NURS FPX 6212 Assessment 4 Planning for Change: A Leader’s Vision

However, it is crucial to be aware that additional factors, such as the patient’s condition, demographics, and other social factors, can affect the readmission rate. High readmission rates sometimes do not reflect the quality of care the organization provides. Another measure was the patient’s satisfaction score, which can be used to capture the patient’s perspective and experiences and offer the opportunity to incorporate a patient’s suggestion within the care practice, reflecting on the organization’s empathy, good quality of care, and patient-centeredness (Ferreira et al., 2023). Lastly, the postoperative complications help identify areas for improvement, reflect on the organization’s culture of monitoring, and modify strategies to enhance patient care. However, defining complications and preventing all the complications can be unrealistic.

These measures can easily be optimized by ensuring data consistency, which can help increase their reliability. Risk assessment and management can help in attentively providing better combating strategies. While the comparison to benchmarking organizations can help to provide valuable content that can aid in comparing the organization’s performance with high-performing organizations, These outcomes create a culture of accountability and transparency that allows the staff and leadership to stand on the same ground, be accountable for their actions, encourage them for continuous improvement within their skill set, identify their weaknesses, and improve them to provide patient-centered care.

Steps to Achieving Outcomes 

The PDSA framework was utilized to strategically implement the suggested change strategies that can help improve the patient’s overall healthcare. The PDSA is a phase-cyclic mold that allows the iteration of planning, implementing, evaluating, and refining processes.

Step 1: Plan

It is essential to plan the change to be implemented in the organization to achieve the desired outcomes. First, a need assessment and gap analysis will be conducted to assess the need for surgical changes, evaluate current practices, and identify trends, gaps, opportunities, and threats. Then, the achievable SMART goal is set to increase standardized protocols, hygiene management, and simulation-based learning. The planning step is based on a baseline assessment that allows the organization to understand the lag in practices and provides an opportunity to rectify it. The goal of the first step is to collect data and plan specific strategies that can help reduce the infection and complication risks of the surgery while developing protocols that can prevent and reduce the risk (Ling et al., 2019).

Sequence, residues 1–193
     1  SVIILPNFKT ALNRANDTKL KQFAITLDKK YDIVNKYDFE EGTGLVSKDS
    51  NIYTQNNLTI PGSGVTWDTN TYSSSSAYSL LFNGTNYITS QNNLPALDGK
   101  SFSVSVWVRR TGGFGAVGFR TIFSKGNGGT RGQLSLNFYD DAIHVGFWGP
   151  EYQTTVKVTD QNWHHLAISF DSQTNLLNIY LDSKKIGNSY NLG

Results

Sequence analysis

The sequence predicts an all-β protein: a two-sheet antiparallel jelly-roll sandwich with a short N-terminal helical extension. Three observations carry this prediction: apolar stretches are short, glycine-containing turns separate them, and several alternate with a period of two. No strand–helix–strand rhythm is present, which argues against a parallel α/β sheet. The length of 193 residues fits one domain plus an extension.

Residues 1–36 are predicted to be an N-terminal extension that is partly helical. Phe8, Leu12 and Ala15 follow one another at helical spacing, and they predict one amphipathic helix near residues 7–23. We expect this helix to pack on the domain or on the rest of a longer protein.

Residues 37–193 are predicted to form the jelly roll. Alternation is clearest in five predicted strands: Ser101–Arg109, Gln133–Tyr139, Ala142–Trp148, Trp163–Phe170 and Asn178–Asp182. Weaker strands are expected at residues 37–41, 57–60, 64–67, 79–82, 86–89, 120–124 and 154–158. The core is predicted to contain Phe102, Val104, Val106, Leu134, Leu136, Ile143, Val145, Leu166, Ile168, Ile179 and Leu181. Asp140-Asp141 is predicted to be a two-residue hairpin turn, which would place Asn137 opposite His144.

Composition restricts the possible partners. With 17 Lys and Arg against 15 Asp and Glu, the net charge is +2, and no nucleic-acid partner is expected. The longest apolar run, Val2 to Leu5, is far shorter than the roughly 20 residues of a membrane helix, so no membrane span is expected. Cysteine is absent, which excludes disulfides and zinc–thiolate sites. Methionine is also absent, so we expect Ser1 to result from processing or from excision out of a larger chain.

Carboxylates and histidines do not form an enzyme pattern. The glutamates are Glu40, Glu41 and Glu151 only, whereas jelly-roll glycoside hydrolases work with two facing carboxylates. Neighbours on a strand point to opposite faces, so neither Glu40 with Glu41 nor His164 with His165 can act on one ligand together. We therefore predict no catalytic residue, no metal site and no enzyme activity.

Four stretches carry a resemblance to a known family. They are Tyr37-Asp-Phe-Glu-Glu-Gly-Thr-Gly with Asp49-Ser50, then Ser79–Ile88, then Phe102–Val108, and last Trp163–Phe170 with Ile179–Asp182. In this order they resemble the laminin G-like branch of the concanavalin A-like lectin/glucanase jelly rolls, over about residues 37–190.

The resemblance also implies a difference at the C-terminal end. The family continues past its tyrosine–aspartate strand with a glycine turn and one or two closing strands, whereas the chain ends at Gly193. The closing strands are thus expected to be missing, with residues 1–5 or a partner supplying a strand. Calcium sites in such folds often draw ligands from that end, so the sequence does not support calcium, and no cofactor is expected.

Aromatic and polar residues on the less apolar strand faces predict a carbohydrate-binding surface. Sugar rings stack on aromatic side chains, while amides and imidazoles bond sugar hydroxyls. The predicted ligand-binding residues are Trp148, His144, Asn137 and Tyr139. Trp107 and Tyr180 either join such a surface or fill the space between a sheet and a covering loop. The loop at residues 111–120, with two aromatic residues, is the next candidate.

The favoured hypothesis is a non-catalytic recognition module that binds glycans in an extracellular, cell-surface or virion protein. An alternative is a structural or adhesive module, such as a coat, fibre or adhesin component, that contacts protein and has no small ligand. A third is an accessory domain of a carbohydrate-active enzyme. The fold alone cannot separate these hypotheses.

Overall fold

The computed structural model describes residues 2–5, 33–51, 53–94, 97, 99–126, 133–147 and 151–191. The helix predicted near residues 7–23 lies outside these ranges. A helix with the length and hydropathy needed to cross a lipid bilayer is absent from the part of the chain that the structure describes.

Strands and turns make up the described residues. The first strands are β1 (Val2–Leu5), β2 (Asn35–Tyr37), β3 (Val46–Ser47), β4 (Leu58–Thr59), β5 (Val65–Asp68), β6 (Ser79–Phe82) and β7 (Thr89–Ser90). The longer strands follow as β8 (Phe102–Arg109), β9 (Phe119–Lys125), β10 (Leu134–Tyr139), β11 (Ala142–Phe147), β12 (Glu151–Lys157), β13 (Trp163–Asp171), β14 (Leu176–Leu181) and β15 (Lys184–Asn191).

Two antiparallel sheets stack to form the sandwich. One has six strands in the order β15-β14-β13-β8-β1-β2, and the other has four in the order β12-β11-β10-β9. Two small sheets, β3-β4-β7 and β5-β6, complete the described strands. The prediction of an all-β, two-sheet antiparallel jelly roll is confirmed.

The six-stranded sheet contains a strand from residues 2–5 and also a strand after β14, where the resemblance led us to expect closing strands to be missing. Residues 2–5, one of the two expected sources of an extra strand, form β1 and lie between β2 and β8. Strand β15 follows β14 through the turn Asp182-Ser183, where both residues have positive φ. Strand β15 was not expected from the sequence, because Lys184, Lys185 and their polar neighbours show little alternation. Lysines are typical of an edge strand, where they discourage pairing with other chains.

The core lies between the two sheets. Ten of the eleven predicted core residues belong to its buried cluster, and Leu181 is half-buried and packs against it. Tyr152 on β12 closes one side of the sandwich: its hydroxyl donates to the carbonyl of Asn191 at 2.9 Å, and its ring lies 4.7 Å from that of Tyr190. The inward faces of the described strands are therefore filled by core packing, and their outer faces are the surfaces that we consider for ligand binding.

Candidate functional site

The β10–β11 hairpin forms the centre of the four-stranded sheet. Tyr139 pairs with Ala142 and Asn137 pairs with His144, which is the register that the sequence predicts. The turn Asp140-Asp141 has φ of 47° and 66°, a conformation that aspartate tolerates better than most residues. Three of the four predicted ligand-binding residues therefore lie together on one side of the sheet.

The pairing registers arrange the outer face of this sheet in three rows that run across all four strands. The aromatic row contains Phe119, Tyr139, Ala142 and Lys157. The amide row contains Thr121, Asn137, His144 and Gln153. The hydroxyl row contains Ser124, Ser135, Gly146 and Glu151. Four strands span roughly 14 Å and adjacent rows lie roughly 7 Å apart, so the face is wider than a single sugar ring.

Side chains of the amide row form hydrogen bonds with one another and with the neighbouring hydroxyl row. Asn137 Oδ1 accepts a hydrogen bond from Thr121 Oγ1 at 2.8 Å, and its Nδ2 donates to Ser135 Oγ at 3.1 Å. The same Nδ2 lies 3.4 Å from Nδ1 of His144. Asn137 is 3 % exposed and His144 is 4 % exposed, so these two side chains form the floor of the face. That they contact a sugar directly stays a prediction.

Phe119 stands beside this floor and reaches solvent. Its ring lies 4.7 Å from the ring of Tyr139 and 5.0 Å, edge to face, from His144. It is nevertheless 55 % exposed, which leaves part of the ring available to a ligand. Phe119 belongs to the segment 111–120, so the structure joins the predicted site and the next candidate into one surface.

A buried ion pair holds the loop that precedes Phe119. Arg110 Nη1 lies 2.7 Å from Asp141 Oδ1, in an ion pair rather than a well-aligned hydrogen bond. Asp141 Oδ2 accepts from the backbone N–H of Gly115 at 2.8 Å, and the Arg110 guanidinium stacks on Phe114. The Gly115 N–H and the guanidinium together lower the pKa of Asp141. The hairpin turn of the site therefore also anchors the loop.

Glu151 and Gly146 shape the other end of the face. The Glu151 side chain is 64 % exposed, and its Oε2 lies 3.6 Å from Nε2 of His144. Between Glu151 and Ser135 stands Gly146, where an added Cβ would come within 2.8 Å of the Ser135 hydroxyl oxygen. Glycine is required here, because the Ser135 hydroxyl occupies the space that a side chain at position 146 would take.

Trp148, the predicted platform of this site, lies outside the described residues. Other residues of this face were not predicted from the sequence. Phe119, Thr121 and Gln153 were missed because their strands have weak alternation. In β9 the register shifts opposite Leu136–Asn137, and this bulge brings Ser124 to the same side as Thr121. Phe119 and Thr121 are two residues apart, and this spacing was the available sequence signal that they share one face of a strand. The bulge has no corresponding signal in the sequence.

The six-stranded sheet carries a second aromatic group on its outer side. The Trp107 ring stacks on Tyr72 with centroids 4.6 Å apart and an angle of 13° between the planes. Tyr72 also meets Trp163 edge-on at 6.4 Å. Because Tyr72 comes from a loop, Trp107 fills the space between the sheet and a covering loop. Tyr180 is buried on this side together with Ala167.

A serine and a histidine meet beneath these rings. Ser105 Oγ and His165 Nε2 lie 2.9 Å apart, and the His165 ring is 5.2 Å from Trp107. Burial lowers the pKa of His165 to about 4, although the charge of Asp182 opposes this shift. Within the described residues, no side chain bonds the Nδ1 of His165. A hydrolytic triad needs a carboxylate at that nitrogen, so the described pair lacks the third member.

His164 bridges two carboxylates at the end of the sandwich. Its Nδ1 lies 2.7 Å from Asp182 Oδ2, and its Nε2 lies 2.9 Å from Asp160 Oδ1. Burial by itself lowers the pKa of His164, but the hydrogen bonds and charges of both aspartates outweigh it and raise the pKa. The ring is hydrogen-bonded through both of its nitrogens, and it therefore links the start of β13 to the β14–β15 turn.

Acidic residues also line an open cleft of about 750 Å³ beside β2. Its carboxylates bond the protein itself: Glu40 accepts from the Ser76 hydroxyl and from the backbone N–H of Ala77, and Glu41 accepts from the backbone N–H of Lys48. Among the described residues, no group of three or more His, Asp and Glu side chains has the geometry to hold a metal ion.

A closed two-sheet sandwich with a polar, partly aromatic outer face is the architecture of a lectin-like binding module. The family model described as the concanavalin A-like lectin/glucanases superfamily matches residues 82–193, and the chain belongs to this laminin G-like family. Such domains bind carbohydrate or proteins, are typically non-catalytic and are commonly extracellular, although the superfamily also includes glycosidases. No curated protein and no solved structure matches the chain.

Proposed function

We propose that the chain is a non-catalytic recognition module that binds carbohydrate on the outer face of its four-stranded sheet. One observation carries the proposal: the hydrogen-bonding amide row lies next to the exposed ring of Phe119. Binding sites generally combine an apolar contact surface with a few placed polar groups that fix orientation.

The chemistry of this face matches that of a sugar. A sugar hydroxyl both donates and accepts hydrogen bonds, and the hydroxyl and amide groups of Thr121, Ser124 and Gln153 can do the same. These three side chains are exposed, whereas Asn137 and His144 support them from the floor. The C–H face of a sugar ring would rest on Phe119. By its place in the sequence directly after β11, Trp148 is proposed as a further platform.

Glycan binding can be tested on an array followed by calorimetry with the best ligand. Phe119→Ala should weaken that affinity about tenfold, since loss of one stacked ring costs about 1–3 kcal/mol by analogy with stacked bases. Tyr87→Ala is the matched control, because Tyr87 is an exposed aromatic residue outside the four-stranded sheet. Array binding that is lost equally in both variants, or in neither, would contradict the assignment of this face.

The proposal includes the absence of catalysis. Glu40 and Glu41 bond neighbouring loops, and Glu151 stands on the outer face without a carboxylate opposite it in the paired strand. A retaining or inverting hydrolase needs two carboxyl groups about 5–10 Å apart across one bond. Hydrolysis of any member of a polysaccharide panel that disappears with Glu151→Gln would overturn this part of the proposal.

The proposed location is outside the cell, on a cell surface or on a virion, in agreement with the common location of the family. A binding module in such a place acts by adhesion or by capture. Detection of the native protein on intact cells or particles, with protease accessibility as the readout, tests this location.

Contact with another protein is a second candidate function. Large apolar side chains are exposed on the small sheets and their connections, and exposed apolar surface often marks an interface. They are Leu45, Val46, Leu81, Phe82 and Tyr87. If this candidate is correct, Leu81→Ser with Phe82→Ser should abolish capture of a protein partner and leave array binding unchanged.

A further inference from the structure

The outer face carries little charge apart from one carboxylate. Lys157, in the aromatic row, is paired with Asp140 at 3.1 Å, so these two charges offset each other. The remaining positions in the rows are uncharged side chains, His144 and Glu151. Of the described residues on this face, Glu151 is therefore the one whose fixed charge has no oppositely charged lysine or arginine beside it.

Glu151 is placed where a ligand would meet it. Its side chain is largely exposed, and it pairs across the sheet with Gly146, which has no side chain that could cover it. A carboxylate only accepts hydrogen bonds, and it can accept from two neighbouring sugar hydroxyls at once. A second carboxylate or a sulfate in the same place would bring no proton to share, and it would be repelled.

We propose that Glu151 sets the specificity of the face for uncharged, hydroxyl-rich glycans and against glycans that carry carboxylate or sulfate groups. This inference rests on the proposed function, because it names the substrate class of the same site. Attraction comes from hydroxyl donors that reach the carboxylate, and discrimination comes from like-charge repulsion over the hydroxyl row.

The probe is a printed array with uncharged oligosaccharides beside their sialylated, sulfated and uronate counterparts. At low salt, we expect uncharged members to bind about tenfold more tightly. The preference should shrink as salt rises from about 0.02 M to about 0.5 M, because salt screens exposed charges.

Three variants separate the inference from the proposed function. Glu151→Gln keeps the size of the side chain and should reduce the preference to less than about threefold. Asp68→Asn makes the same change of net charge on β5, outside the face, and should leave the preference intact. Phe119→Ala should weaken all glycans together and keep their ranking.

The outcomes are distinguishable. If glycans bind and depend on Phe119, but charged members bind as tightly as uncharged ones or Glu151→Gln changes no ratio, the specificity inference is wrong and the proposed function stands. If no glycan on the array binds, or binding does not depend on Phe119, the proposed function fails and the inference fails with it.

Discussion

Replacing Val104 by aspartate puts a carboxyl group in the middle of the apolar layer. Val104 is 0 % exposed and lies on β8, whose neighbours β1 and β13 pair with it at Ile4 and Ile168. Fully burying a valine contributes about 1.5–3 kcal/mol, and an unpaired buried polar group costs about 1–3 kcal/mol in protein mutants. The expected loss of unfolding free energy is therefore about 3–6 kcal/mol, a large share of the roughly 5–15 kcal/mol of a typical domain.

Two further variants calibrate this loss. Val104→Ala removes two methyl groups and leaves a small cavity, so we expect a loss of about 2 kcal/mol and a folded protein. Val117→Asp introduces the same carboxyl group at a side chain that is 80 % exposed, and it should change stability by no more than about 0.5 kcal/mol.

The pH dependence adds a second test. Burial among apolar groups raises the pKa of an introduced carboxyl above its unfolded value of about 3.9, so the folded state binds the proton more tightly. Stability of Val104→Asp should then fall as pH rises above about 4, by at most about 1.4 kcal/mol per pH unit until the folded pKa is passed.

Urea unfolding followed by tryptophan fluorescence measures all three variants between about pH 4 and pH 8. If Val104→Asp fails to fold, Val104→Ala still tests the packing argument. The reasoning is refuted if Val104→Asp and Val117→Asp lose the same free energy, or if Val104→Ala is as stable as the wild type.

The board of directors will be responsible for supervising the plan, while the department directors and heads will be responsible for data collection, current practice analysis, and handing information to the data analyst, who will be responsible for conducting the gap analysis and highlighting the need for change. The finance head will be responsible for budgeting and resource allocation, such as how much investment is required, searching for vendors that can provide competitive packages, and hiring trainers and educators to train the staff. The administration will be responsible for supervising the plan. At the same time, end-users would be used to gather the information and their feedback The resources required for planning will be a need analysis that can help in anticipating the budget required, finance that would be used in the whole change process, and resources such as alcohol-based agents, antiseptic wash, surgical kits, equipment, and cleaning material. 

Step 2: Do

The second step of the cycle is implementing the planned strategies to overcome quality and safety issues and increase patient satisfaction. This step will provide comprehensive training and education to train the staff to become equipped for the changes. Moreover, target-based training through workshops, seminars, and other educational formats can help the team grasp the process. Then, preoperative strategies, interpersonal collaboration, case conferences, and different strategies are also implemented to reduce complications and infection risk. The aim is to communicate the plan to nursing staff and other stakeholders involved and educate them regarding the need.